I find it interesting that she is quick to judge the entire MOOC model based on only one class she took through Coursera. Yes, she has experience in online education but times are-a-changing: add social media and you have a new dynamic when it comes to virtual learning.

She even readily admits that she made a half-hearted attempt and procrastinated throughout the class. As I mentioned to my fellow ModPo classmates, it's all about your personal experience with the class: you can make it good, bad, or indifferent. She was also quick to point out the flaws with the instructors and makes it sound that ALL Coursera classes don't work and will leave you with a bad taste in your mouth: i.e. how professors are not actively involved and that students are rude and leave nasty comments on the forums.

Of course, there are going to be techie glitches and there will always be trolls who purposely fuel the debate fires by posting incendiary comments. She does point out some "positive" benefits of Coursera, but the tone of her article leans to the side of anti-MOOC.

If you check out the comments left by my fellow students, many of us encourage Kirschner to enroll in Filreis' course. Yes, we are learning about modern poetry, but even more important we are creating a real online community - a virtual poetry salon that consists of 30,000 plus people learning poetry. I don't know how Al and our TAs keep up with our forums and Facebook group, but they do and actively post and interact with students. That has been the most impressive part about this class- to have a professor who genuinely cares, is very supportive of students, and leads by example. Al's enthusiasm and passion for poetry are contagious, and I am excited every time I click on "Go to class" on Coursera's site.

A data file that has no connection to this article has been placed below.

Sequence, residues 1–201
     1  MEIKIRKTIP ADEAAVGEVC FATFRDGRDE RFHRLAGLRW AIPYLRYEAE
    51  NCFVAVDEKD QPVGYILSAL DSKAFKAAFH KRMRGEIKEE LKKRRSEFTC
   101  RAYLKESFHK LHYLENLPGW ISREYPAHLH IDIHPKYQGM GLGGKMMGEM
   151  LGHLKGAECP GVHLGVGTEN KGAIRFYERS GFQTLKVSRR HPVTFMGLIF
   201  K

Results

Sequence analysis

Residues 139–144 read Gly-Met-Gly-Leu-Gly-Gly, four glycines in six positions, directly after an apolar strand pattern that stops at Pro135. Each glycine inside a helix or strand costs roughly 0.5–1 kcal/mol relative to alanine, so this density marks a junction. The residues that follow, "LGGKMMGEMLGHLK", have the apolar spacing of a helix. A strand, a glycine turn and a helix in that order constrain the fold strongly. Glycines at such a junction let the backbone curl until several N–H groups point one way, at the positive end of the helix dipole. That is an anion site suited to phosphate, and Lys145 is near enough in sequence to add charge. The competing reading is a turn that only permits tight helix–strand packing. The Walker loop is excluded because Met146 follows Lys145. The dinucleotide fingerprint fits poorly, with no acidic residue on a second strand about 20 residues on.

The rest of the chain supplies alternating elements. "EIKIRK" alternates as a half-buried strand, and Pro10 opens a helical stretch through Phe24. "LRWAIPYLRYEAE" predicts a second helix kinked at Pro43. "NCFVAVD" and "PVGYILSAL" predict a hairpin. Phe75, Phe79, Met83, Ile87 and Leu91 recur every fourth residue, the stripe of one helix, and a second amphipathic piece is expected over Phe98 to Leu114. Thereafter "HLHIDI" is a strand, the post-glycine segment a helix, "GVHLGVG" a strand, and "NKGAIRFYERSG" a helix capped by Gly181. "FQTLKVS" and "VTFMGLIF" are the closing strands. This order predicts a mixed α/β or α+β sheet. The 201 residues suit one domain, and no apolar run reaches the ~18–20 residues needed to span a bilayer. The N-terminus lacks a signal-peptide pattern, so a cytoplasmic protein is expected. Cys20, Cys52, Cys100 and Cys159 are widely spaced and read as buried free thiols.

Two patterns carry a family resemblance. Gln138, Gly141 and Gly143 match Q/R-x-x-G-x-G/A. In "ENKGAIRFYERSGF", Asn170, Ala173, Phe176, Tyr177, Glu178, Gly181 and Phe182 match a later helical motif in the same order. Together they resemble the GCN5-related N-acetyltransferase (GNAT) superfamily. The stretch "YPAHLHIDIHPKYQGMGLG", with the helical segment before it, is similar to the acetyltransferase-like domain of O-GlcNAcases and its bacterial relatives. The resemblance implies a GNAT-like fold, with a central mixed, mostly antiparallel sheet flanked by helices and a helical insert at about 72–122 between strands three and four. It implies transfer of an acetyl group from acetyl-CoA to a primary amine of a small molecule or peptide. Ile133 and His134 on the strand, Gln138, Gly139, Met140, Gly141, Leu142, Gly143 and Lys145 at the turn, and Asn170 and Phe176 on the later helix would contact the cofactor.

According to Kirschner, she is not entirely convinced that MOOC will work and poses that it could just be a passing "silly fad." My question to Kirschner: what's silly about opening up the education experience to people across the globe? The one point that she misses in her article is that the MOOC experience isn't just about the American-based higher education system. MOOC expands learning to the far corners of the world, and I don't find anything silly or bad about expanding people's minds - especially people from diverse backgrounds and cultures who want to learn about Modern American & Contemporary Poetry but would never have the opportunity to experience American poets otherwise.

You only have to peek inside the virtual doors of ModPo and see a shining example, thanks to Al and his TA team,  that MOOC and online learning really works and IS successful.

Therese Pope, Copywriter/Content Developer & Digital Buzz-icist